• “We call upon the government of Japan to proclaim now the unconditional surrender of all.”

This quotation come from the Potsdam Conference Declaration and is referenced from the website  http://www.ibiblio.org/pha/war.term/093_03.html

These terms were acknowledged as accepted by the Emperor on behalf of the Japanese Government on August 14, 1945.

On August 30, MacArthur had arrived in Tokyo to begin to set up his occupation staff. MacArthur believed he was an not expert on Japan, so one of the first appointments MacArthur made was Frank Schuler, due to his long-standing knowledge of Japan. Schuler had worked in the U.S. Embassy before World War II, and then during the war, he served as a spy in the country. He probably had as much working knowledge of the Japanese as anyone on MacArthur’s staff. However, MacArthur relied heavily upon the advice of his Chief of Intelligence, Major General Charles A. Willoughby, who helped design the occupation plan, with the centerpiece of keeping the emperor in place.

Also on MacArthur’s team were Lieutenant General Robert Eichelberger and Brigadier General Courtney Whitney. Whitney was a lawyer and prepared most of the documentation for MacArthur to execute. Eichelberger was to be in charge of the Eighth Army and supervise the non-political occupation of Japan. MacArthur did not allow the Army’s Office of Strategic Services (OSS) to be involved in his operation; Willoughby was a one-man intelligence team. Although he was knowledgeable of the military conflict, he was not very well connected, thus he could not provide valuable intelligence. An example of this poor intelligence, MacArthur believed that Hirohito was so removed from society that he never used a telephone or delivered a public speech. It is my opinion that MacArthur never wanted the involvement of the Army’s OSS, and this was due to infiltration of communists within the highest levels of the OSS organization, and MacArthur—a control freak—could not control these individuals.MacArthur and Hirohito

The historic meeting between Hirohito and MacArthur came on the morning of September 27. Hirohito was dressed in striped trousers and a morning coat when he reluctantly entered reception room at the refurbished American Embassy. He handed his top hat to an aide and entered General Douglas MacArthur’s office. It was agreed that he should act submissive and humble. Accepting responsibility for the war, he offered to abdicate or do whatever else was necessary, which he did. Yet MacArthur informed him that the United States wanted him to stay in power. If ever a picture was worth a thousand words, it was the image of General MacArthur and Emperor Hirohito standing side by side during their historic first meeting. In it, a casually dressed MacArthur towers over the stiff, formally attired emperor. For millions of Japanese, it brought home in an entirely new way the notion that they had lost the war. Just that day, Hirohito had spent almost three hours discussing his own presentation to MacArthur. MacArthur quickly became very popular with the Japanese people, because the emperor answered to him. Clearly, that picture contributed to the situation.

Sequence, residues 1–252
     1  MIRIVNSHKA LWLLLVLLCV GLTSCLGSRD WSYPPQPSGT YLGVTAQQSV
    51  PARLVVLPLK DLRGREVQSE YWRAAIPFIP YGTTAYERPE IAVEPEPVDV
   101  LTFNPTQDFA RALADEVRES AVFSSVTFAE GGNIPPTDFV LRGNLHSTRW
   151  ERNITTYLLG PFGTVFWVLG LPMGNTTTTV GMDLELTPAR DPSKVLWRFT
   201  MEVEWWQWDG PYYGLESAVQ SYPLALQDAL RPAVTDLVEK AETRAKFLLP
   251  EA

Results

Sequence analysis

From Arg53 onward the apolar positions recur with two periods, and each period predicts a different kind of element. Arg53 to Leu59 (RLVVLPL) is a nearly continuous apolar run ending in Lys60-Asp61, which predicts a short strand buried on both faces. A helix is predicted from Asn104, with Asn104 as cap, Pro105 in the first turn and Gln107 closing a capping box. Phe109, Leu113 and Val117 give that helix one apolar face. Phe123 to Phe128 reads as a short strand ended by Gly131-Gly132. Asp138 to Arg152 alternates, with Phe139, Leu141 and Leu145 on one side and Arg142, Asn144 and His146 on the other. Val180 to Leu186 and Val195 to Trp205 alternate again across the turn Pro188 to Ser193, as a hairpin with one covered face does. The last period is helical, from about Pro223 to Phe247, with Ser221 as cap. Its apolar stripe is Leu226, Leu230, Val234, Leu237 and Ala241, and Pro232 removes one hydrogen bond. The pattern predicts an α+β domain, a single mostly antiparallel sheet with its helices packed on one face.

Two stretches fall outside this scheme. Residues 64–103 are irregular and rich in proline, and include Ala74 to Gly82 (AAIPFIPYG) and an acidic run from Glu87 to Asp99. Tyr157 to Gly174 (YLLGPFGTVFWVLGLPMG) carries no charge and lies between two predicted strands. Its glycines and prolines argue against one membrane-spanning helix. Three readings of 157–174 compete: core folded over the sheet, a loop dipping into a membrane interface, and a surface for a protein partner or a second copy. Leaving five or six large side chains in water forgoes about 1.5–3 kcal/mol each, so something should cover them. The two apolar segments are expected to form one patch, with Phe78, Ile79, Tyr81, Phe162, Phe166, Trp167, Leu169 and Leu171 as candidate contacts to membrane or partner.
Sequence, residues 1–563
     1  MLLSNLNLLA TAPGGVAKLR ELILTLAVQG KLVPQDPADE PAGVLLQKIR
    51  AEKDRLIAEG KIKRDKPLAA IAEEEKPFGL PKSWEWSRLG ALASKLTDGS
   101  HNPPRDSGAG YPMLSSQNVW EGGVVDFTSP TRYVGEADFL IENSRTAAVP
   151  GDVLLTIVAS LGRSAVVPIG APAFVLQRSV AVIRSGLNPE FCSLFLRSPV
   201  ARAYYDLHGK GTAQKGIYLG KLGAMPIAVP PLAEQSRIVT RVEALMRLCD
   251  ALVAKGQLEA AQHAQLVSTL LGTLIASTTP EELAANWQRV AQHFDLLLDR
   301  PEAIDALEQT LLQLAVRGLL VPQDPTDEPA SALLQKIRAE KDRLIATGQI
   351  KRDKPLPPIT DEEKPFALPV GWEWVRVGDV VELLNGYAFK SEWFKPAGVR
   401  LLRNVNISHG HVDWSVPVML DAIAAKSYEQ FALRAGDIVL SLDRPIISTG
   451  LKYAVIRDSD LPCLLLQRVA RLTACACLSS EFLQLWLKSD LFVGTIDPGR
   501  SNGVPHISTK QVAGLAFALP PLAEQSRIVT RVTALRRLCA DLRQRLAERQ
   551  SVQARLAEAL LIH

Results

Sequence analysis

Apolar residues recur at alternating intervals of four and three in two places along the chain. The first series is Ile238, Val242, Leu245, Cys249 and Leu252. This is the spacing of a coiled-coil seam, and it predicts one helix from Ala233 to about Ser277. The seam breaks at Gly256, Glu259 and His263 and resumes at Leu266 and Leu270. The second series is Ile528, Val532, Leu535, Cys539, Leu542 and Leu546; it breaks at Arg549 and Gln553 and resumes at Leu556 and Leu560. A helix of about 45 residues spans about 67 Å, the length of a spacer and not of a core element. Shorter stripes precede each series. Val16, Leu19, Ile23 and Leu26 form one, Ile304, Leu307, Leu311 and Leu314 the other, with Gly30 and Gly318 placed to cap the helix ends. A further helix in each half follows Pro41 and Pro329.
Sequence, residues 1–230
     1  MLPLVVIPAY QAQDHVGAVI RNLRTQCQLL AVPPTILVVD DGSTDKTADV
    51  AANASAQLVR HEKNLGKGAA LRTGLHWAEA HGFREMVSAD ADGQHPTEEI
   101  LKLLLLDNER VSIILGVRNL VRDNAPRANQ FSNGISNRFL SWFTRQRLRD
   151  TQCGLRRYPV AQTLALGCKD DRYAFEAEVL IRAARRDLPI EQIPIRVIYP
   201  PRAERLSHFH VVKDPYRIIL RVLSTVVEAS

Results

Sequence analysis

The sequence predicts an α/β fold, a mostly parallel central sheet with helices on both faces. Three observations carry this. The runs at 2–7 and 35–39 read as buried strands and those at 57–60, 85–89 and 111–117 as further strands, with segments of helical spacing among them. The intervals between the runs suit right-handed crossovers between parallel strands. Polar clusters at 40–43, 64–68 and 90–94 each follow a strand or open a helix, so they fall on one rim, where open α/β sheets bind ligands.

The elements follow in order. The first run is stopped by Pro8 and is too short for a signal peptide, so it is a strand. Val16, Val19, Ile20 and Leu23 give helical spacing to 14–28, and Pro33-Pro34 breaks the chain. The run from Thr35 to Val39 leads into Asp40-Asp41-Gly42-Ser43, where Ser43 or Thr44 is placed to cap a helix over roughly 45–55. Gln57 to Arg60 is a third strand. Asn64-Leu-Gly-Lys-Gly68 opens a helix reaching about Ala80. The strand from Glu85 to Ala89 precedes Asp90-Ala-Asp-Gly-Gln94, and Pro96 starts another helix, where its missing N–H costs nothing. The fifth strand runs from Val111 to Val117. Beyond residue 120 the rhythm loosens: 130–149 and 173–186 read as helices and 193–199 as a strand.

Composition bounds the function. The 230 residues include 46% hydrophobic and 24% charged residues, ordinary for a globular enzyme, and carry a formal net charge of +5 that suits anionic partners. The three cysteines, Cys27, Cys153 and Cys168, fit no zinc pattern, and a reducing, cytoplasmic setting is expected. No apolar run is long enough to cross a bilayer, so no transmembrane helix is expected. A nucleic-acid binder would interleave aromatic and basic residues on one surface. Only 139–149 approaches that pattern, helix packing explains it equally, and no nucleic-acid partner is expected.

At the point of surrender, it was up to the Emperor Hirohito and his advisers to keep as much of their Empire as possible, including its political and economic structure. Hirohito believed that, up until the surrender of Germany, they could negotiate to keep the Philippines. On the day, Japan officially surrendered to the United States, the Diet, the Japanese governing body, unofficially ordered that $10 billion US dollars in goods, including banknotes, must be given to key diplomats and elites (essentially their Zabatsu families), to hide from the United States’ occupying force. Paramount to all of their efforts was protection of the emperor’s family and keeping the war-crime prosecution to a minimum. Concurrently, Secretary of War Stimson, Japanese Ambassador Grew, General MacArthur, and General Marshall had to design a plan to keep the emperor, in order to enable the rapid evolution of the Japanese people and their economy. However, they agreed it must be done in such a way as to give Hirohito concern for his future. It is important to note that the United States position was counter to that of their Allies (the British and Australians), who believe that all Japanese who were responsible for the war, including Hirohito, should be punished. One of MacArthur’s main objectives was a peaceful occupation, as they had real concerns about the safety of the US occupying force.WP_20150308_001